Franchisors in the firing line following Joint Parliamentary Inquiry
The Joint Parliamentary Inquiry into Australia’s franchising sector has put franchisors in the firing line, following the release of its hard-hitting report on 14 March 2019.
The findings liken the serious misconduct in the franchising sector to that uncovered in the financial services industry by the Banking Royal Commission.
The report makes a raft of recommendations in view of its finding of systemic misconduct and exploitation by franchisors, including:
Civil penalties – civil penalties to be made available for all breaches of the Franchising Code, with penalty amounts similar to those currently available under the Australian Consumer Law (ACL).
Penalties under the ACL were increased last year to a maximum of $10 million or 3 times the benefit received from the conduct or, if that can’t be calculated, 10% of annual turnover – ouch!
Regulatory enforcement – more responsibilities and greater enforcement powers for the Australian Competition and Consumer Commission (ACCC) to undertake “a series of investigations to root out misconduct and exploitative behaviour in the franchise sector”.
The Australian Securities and Investments Commission (ASIC) is also expected to take proactive action in monitoring franchisor corporate governance and taking enforcement action.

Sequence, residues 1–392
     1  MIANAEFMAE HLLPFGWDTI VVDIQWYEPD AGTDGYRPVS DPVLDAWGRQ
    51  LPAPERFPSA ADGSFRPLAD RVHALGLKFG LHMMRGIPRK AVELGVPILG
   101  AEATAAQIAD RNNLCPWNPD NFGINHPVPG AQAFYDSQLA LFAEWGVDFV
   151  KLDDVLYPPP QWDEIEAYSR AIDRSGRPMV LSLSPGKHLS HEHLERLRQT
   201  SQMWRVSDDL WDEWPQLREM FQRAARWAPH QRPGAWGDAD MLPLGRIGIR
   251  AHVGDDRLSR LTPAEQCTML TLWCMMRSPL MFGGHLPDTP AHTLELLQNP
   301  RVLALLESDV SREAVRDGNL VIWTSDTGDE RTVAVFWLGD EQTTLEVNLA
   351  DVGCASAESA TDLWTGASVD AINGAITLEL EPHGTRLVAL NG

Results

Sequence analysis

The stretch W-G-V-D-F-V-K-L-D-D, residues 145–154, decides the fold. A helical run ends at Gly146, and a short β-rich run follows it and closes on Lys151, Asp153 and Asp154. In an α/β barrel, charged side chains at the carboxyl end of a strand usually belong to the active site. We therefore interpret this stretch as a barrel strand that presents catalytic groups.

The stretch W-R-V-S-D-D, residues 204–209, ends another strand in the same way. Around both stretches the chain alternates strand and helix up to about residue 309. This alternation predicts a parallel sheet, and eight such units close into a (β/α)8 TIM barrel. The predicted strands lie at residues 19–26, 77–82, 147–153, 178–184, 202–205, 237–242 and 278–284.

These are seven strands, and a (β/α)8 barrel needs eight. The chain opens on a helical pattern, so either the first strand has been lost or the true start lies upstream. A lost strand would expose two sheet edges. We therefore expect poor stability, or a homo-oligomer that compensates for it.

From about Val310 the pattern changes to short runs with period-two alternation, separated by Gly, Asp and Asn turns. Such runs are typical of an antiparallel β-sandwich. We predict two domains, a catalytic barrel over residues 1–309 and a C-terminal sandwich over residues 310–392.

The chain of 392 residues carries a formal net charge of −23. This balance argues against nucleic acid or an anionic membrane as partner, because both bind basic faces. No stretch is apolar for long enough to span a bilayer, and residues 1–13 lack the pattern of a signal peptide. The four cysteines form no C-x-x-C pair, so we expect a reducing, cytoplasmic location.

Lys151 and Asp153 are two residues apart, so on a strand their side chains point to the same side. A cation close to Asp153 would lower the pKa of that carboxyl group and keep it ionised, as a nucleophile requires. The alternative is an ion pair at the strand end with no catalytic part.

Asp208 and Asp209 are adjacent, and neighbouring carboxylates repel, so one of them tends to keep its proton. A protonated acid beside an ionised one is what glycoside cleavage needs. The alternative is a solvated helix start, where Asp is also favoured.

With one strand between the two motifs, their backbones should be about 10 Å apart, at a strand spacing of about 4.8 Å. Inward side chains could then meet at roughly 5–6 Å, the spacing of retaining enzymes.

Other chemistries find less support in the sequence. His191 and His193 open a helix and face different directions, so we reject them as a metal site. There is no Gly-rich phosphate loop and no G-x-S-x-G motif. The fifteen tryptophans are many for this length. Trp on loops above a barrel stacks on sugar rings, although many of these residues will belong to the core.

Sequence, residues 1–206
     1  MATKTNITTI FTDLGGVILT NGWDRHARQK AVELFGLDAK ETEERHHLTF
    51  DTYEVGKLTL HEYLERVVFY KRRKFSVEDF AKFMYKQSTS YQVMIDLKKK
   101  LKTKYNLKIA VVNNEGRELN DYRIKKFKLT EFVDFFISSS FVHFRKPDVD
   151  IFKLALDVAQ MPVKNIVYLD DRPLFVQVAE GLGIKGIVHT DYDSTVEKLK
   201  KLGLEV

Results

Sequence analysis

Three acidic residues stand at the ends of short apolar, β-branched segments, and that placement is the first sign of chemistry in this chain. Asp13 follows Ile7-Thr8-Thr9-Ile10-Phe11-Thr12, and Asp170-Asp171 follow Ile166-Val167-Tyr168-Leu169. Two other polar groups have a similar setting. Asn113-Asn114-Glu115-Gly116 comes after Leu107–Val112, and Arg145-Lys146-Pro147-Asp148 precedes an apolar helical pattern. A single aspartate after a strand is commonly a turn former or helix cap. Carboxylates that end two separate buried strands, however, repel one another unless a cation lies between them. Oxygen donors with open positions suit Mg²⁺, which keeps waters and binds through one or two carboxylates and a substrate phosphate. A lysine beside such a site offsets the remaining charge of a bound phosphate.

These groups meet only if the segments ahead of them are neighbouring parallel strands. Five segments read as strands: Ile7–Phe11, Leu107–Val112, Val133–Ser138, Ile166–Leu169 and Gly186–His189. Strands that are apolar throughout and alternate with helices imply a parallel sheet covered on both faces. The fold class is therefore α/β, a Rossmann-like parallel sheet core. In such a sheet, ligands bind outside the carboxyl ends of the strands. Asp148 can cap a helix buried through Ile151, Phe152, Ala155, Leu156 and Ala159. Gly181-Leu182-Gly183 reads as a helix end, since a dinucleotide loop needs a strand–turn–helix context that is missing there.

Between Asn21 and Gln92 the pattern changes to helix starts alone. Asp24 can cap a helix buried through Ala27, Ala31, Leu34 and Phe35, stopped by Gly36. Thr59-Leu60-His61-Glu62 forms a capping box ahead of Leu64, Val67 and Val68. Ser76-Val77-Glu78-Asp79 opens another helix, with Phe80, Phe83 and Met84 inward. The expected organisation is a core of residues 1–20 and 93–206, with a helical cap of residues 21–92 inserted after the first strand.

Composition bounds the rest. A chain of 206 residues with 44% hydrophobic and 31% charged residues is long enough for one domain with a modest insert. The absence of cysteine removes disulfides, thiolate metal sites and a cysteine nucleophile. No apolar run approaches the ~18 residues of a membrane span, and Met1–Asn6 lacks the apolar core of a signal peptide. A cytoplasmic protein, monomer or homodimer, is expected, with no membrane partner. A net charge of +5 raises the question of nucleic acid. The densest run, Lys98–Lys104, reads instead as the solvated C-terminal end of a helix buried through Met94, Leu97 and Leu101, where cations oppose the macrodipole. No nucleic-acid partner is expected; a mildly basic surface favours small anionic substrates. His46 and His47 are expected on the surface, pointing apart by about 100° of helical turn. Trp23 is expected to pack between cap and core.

Collective action – allow franchisees to undertake collective action against franchisors, such as joint negotiation and disputes. The ACCC has already proposed to make it lawful for franchisees to collectively bargain with their franchisor (regardless of size or characteristics!).
Disclosure and registration – franchisors to provide updated disclosure documents and template franchise agreements annually, to be kept on a public franchise register (civil penalties to apply for non-compliance).
Unfair contract terms laws – unfair contract terms in franchise agreements to be made illegal and civil penalties to apply for non-compliance. The ACCC is already advocating for this change.
While the recommendations are not law (yet), with an election around the corner and the regulators keen to show muscle following the Banking Royal Commission, it won’t take long before franchisors feel the heat.
In fact, it has already started with recent enforcement action by the ACCC against franchisors, including Retail Food Group, Geowash and Ultra Tune.
How can we help?
If you are a franchisor and you are unsure of your obligations, or you have been contacted by a regulator in relation to your franchised business, please do not hesitate to contact Peter Wright or Suzanne Howari.